Mental Illness, Endocrine Disorder or Reproductive Disorder?
So yesterday was “End the Stigma Day” and I shared my story in my I am the Face of Mental Illness blog post because I have no shame in having had Postpartum Mood Disorder. I did, feel ashamed at the time though, so I can relate to why women don’t seek the help that they need. Guess what? I shared my story and the sky didn’t fall in! It’s freeing in fact. And if it helps one woman feel less alone then it was worthwhile. And here’s the thing, I don’t know if it changes anyone’s view of me and I DON’T CARE, if it does they aren’t someone I want in my life anyway.
[pullquote align=”left” textalign=”left” width=”20%”]The medical community doesn’t recognize hormone imbalances as disorders[/pullquote]
I had Postpartum Mood Disorder more than once and didn’t go to the doctor for it until the 3rd time. It felt different each time and it got worse with each of my pregnancies. In some cases it escalated when I was weaning my babies from breastfeeding. (I rarely hear this talked about and we need to discuss this. But that’s for another day!)
Interestingly, of all the women I know, I didn’t know anyone who suffered from it – how can that be possible? With prevalence rates being estimated at 1 in 7 women having Postpartum Mood Disorder. Too many women suffer in silence. The more of us that speak up the better.
Mental Illness? Endocrine Disorder? or Reproductive Disorder?
Here’s the thing about my story – my Postpartum Mood Disorder was easily treated by my OB/GYN by balancing my hormones – so was it a Mental Illness or an Endocrine Disorder or a Reproductive Disorder? The thing is the medical community doesn’t recognize hormone imbalances as disorders, so therefore, it falls under the category of a mood disorder in the Diagnostic and Statistical Manual of Mental Disorders, (DSM–5). Herein lies the problem – my OB/GYN has had success for many years prescribing hormone therapy to women who have postpartum mood disorder, yet this still isn’t first-line treatment provided or recommended in the guidelines mostly due to lack of enough studies.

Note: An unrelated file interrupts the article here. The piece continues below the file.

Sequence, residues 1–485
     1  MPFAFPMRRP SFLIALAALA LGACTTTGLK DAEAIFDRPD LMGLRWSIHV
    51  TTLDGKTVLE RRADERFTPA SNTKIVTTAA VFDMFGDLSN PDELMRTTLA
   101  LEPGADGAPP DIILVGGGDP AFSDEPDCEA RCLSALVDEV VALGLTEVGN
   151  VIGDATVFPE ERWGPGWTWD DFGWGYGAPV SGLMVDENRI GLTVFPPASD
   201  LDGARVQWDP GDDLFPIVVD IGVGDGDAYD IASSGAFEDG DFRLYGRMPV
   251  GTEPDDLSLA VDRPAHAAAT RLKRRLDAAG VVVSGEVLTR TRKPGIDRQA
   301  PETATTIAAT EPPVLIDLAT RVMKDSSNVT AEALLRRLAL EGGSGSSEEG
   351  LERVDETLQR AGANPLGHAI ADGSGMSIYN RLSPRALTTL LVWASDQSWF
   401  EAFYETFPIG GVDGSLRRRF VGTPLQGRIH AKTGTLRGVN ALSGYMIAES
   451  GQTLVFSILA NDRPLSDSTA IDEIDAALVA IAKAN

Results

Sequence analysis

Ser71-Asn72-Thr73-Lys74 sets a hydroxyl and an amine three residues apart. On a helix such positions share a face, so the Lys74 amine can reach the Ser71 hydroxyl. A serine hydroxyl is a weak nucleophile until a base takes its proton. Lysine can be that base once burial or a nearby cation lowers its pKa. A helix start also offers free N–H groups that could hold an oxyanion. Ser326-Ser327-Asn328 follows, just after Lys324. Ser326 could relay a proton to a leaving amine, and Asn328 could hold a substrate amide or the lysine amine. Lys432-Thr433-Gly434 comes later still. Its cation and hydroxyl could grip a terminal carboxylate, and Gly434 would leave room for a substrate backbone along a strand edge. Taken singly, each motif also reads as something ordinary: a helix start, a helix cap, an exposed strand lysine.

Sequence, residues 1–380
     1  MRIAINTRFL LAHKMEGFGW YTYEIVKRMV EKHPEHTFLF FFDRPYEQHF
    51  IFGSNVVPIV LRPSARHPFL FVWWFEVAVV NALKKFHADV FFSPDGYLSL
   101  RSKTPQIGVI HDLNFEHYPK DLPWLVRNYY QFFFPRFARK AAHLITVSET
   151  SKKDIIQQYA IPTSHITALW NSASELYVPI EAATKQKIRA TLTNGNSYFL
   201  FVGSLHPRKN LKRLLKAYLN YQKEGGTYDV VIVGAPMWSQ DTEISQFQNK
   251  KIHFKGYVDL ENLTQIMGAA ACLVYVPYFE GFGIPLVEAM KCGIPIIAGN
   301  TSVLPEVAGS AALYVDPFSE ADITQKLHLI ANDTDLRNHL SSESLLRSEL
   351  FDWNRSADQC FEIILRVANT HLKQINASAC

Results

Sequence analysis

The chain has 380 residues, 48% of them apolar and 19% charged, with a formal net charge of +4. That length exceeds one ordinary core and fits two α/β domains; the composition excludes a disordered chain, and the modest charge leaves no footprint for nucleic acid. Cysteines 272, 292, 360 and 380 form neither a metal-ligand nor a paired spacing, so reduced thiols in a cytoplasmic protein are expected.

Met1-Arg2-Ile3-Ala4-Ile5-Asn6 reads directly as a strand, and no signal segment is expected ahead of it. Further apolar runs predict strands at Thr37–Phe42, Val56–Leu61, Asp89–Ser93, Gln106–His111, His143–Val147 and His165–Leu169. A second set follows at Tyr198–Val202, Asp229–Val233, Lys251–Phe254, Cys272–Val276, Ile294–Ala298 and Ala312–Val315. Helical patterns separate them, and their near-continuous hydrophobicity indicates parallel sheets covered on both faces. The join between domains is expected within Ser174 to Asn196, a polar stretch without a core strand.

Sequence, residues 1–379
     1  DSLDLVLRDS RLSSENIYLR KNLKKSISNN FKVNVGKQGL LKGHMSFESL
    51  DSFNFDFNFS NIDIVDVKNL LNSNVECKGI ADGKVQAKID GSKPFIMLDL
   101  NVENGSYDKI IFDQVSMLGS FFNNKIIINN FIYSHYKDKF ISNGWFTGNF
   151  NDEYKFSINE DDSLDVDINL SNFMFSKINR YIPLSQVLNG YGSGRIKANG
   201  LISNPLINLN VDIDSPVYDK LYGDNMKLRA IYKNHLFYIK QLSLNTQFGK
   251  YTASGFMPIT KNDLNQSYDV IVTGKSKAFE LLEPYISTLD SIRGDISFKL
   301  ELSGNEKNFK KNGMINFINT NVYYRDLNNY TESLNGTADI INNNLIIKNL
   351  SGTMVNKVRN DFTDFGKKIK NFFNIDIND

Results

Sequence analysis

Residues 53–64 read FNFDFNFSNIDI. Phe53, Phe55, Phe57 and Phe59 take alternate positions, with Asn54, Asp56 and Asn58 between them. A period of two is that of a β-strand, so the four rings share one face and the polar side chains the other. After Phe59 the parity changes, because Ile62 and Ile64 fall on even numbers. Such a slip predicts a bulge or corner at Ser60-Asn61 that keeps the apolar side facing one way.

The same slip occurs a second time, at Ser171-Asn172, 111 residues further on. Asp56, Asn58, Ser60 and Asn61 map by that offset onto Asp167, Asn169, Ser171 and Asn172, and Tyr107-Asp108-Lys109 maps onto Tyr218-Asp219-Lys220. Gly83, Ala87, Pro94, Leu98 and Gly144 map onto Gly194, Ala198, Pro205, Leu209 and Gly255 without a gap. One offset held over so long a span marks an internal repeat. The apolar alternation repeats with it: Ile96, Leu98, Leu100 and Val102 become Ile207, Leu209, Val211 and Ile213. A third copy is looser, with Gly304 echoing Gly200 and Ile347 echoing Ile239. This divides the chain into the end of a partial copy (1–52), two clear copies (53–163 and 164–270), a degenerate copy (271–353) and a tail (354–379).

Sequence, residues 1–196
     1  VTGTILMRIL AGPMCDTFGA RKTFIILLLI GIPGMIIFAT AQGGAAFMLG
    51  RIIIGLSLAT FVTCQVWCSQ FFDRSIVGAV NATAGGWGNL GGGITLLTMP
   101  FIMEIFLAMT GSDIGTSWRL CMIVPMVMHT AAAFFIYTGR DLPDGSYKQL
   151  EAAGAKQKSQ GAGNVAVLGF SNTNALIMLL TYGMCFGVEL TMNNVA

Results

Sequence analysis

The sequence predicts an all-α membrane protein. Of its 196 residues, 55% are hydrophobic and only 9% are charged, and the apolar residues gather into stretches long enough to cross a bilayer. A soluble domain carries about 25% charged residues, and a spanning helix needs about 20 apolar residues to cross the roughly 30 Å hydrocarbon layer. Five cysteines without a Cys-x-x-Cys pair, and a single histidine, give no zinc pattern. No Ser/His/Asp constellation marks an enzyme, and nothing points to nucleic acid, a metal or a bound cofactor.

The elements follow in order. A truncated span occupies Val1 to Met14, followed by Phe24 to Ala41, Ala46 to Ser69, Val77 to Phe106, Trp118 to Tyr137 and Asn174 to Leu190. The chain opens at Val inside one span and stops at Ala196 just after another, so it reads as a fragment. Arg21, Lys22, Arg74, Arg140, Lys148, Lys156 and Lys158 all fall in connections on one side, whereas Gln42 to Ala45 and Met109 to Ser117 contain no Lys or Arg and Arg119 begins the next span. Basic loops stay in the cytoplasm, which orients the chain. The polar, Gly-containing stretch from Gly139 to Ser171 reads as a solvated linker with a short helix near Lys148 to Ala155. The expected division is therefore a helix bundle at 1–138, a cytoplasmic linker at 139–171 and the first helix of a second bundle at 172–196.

Some might call what my doctor does, Experience Based Medicine, but I believe he’s actually an expert in what is actually Evidence Based Practice (EBP) described by Engebretson, Mahoney, & Carlson, 2008 as involving three parts:
- best research evidence
- the provider’s clinical expertise,
- and the patient’s values and circumstances.
I didn’t stumble upon this doctor – I sought him out which is due to my strong belief in advocating for myself in my healthcare. It’s the same approach to prevent my miscarriages – progesterone wasn’t in the guidelines and probably still isn’t. So it is a lucky or proactive woman who finds herself with this kind of doctor.
[pullquote align=”right” textalign=”right” width=”30%”]Mood disorders fall under Psychiatry, Hormone problems fall under Endocrinology and Reproduction falls under Obstetrics!
So who’s talking to whom?[/pullquote]
I’ve wondered if women thought they might have an Endocrine Disorder or thought of it as a Reproductive Disorder would they seek the help they need? I believe they would. Would they get the help they need? I think the chance is higher. Do I think it will happen? I have hope in the way of Integrative Medicine – an approach which is on the rise and I believe is growing rapidly.
Although my dream has yet to be realized en-mass I’m not alone in my vision and hope for the future. Back in 2006, Katon and Unutzer, were speaking about the “interdisciplinary practice of medicine”, such as co-location of Gynecology-Psychiatry clinics which would increase the usage of hormonal treatments for mood disorders and benefit the mental health of postpartum women. And while they call it the interdisciplinary collaboration – I really think is the integrative approach to medicine.
To find out more about my vision for women’s health you can check out Open Source Health.
To read my other Blog Posts related to Postpartum Mood Disorder: